Plus Starts Development With Teledyne FLIR to Test Thermal Cameras for Autonomous Trucks

Autonomous trucks could be better able to see thorough fog or smoke by adding thermal imaging to their sensor suites.

Plus

Plus is examining different sensors for its autonomous trucks.

Plus last week announced that it will collaborate Teledyne FLIR LLC to explore the addition of thermal cameras to the sensor stack used with Plus’s Level 4 autonomous driving technology.

“We are excited to be working with the team at Plus as they explore the integration of thermal cameras into their current sensor suite, creating even safer autonomous commercial vehicles,” stated Paul Clayton, general manager of components in the Industrial Technologies Segment at Teledyne FLIR. “By combining thermal imaging with visible light cameras, lidar, and radar, Plus can create more comprehensive and redundant systems, allowing these vehicles to more readily detect and classify objects and humans on the road to help save lives.”

Serial entrepreneurs and industry veterans with experience in artificial intelligence and other high tech founded Plus in 2016. The company said it is developing low-cost, high-performance, full-stack SAE Level 4 autonomous technology to make long-haul trucking safer, more efficient, and more sustainable.

Plus is also working with truck manufacturers, fleets, and ecosystem partners to develop decarbonization transportation solutions including autonomous trucks powered by natural gas.

Formerly known as PlusAI Corp., the Cupertino, Calif.-based company announced in May that it will merge with Hennessy Capital Investment Corp. V and be listed on the New York Stock Exchange.

Dense smoke and Plus sensing

Source: Business Wire

Thermal sensors could extend Plus visibility

Plus said it takes a multi-modal sensor approach and currently uses lidar, cameras, and radar to provide trucks powered by its autonomous driving technology with a 360-degree view around the vehicle.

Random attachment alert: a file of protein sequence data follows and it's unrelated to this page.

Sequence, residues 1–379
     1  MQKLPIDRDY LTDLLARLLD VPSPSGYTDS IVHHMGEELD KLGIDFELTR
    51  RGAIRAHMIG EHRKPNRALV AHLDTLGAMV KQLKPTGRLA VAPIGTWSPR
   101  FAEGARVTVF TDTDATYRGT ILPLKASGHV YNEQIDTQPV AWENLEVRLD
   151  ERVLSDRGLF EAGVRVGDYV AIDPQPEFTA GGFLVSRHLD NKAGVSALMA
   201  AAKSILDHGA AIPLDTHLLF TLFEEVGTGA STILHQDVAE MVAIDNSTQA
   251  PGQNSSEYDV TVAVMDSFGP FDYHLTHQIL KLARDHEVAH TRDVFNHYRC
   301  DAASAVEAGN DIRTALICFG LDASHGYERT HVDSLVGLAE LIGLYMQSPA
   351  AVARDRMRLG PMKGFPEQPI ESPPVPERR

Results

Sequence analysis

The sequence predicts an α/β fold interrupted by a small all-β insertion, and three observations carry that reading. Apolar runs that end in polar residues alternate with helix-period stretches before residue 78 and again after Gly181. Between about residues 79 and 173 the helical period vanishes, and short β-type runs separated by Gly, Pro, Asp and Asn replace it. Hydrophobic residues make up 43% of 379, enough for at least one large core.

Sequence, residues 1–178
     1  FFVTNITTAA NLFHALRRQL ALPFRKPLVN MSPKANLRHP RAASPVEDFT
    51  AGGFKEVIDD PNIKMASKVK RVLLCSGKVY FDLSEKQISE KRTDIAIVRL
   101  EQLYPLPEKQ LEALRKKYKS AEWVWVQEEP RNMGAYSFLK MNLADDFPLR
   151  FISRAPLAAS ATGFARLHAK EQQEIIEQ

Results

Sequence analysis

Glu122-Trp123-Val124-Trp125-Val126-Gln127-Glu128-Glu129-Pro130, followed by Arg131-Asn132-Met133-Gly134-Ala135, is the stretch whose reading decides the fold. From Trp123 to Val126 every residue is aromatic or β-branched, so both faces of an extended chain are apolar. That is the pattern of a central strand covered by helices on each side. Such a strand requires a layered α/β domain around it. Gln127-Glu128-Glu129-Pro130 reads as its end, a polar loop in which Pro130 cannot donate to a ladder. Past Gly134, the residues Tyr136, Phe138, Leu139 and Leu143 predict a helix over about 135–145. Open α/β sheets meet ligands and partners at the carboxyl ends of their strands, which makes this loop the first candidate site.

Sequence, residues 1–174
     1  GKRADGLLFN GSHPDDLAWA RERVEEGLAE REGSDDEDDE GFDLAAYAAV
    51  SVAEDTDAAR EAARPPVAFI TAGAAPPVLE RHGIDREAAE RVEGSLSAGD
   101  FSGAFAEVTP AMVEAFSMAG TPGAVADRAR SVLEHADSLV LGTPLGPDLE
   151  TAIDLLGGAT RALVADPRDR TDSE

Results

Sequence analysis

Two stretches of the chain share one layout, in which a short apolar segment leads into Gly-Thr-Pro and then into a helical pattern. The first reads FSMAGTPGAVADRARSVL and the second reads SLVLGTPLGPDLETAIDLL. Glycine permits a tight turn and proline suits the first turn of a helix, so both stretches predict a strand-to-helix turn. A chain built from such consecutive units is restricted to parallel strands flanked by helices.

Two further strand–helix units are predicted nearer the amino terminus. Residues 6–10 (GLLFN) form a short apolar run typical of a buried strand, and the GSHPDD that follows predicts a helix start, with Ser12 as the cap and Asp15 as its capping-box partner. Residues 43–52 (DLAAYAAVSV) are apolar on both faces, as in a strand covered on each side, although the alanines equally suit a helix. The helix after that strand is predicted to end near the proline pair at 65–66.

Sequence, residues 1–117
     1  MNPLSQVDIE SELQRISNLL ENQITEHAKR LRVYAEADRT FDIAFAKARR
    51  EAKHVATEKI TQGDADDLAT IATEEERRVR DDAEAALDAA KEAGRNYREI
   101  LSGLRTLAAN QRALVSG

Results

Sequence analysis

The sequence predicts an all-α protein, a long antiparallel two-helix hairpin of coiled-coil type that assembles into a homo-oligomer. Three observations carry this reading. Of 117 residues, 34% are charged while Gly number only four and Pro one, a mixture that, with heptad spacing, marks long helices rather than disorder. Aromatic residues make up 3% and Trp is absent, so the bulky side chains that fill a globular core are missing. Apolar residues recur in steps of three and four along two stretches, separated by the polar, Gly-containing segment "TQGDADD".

While the current system offers improved safety compared to a traditional truck, thermal cameras add another layer of perception that is particularly useful for heavy trucks that traverse the country in low-visibility and high-contrast conditions. These can include nighttime, shadows, dusk, or sunrise, said the company. They can also include direct sun or headlight glare, as well as challenging scenarios when fog or smoke is present due to environmental conditions.

Depending on configuration, thermal cameras can detect and classify pedestrians at distances of up to 250 m (>820 ft.), which is much farther than the reach of typical headlights, noted Plus.

Such sensors could also provide another layer of perception around the vehicle, which can be particularly helpful when the vehicle is backing up or when being overtaken by another vehicle.

“You can never be too safe when it comes to equipment you put on a heavy truck,” said Tim Daly, chief architect of Plus. “Combining thermal cameras with our other sensors would bring an additional margin of safety to our system. Our research pilot will not only assess the technical performance, but also consider cost and scale requirements in order to potentially add this to our product roadmap.”

Foggy night Plus view

Source: Business Wire

About Teledyne FLIR

Teledyne FLIR, a Teledyne Technologies company, provides sensors for defense and industrial applications and has approximately 4,000 employees worldwide. Founded in 1978, the company creates advanced technologies to help professionals make better, faster decisions that save lives and livelihoods.

Teledyne Technologies is a leading provider of sophisticated digital imaging products and software, instrumentation, aerospace and defense electronics, and engineered systems. Teledyne's primary operations are in the U.S., the U.K., Canada, and Western and Northern Europe.


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Plus

Plus is examining different sensors for its autonomous trucks.


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